The result is that the mobile application market is a relatively small industry dominated by major brands such as Disney, EA, Vivendi, Ubisoft (Gameloft) and others.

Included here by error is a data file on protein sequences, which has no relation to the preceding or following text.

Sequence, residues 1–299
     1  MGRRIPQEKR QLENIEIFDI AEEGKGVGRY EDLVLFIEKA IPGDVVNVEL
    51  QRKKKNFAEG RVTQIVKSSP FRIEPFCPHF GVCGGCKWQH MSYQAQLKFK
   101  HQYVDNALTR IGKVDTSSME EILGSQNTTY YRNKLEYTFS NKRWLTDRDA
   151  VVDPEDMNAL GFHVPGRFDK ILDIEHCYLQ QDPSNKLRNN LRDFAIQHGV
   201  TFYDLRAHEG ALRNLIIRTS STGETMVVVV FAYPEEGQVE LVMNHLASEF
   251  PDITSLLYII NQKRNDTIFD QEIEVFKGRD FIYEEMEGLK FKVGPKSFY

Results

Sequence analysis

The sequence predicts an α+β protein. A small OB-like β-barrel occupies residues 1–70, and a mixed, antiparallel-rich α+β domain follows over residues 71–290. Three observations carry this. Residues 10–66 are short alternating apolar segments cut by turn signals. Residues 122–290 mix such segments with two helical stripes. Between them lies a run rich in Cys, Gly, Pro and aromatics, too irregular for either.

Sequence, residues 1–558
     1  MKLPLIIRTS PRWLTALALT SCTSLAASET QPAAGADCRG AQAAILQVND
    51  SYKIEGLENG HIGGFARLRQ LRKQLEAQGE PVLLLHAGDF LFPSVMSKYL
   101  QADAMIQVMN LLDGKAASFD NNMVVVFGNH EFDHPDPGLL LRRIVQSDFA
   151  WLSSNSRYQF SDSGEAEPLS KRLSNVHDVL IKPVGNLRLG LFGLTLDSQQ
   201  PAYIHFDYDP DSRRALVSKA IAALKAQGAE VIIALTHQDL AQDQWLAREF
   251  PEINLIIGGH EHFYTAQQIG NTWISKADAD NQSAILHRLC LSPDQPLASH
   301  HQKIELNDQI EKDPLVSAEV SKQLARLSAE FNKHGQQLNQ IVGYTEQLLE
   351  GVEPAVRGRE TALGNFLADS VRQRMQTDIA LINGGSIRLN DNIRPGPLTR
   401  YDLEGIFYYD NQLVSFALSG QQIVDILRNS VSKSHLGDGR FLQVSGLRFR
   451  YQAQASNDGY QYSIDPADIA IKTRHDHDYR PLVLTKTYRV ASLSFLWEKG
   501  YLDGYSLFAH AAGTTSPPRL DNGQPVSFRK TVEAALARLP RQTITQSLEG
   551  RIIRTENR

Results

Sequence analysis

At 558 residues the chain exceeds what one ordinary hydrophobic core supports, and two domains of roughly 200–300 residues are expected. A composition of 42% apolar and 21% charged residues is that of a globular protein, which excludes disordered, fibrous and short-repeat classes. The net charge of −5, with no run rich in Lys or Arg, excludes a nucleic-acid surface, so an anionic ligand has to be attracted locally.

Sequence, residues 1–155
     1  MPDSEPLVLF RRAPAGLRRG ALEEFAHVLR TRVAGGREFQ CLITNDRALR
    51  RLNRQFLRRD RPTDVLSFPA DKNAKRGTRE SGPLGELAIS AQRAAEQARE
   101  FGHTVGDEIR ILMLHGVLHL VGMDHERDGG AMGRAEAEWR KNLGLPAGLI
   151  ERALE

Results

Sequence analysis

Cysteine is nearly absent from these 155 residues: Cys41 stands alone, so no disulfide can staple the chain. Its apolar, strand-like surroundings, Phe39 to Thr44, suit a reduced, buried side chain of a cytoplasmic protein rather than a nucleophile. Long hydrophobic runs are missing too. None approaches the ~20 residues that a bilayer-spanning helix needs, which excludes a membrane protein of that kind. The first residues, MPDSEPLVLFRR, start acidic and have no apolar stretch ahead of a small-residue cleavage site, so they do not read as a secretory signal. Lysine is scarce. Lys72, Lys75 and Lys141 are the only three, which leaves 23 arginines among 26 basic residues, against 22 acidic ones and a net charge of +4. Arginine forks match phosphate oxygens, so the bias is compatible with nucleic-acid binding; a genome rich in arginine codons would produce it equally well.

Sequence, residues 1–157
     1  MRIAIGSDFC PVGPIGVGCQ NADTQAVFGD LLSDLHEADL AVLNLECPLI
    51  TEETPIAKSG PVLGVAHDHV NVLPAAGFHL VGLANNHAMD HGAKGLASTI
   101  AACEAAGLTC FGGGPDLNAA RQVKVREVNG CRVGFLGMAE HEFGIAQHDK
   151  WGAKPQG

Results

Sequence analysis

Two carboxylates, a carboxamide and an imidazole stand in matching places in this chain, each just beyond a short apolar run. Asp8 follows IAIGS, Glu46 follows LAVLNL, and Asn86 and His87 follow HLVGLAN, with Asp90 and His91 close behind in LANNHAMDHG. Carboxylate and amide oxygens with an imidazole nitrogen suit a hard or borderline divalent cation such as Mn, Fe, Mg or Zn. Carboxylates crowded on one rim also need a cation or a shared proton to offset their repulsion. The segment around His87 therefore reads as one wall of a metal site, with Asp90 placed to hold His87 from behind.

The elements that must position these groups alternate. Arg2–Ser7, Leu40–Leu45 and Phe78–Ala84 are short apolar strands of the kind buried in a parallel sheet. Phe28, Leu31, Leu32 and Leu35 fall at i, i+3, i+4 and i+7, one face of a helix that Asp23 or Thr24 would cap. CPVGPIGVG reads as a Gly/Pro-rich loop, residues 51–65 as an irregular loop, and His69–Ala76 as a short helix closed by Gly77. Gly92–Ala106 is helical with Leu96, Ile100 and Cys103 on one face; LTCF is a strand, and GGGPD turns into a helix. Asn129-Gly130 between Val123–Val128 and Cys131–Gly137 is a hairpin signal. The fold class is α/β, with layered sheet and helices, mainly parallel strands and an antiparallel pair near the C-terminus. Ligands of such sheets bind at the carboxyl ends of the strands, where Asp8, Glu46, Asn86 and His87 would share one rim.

The folks at Google figured this out and realized that the only way in which they will be able to participate in mobile computing is to change the rules of the game. This means that you need to change the way that handsets download and present applications. The applications would have to be an intrinsic part of the phone, with full access to the system, and not a kludgy, restricted addition. Additionally, you would need to get the carriers on board, to prevent them getting in the way of application creation and download. The handset guys and the carriers had to make a choice - bet on Google or bet against them. The members of the OHA bare testament to this difficult decision. We see some notable participants, like HTC, Motorola, Samsung, LG, T-Mobile and Telefonica (there are others) with the notable lack of participation from Verizon, Vodaphone, Nokia, Sony-Ericsson and others. I commend the participants, however, I am eagerly waiting to see how this consortium translates the press release into execution. As an example, T-Mobile USA has been one of the most restrictive participants in the mobile application space. They have aggressively restricted open access to their network by third parties and so their participation in an open unrestricted platform must represent a serious change of heart.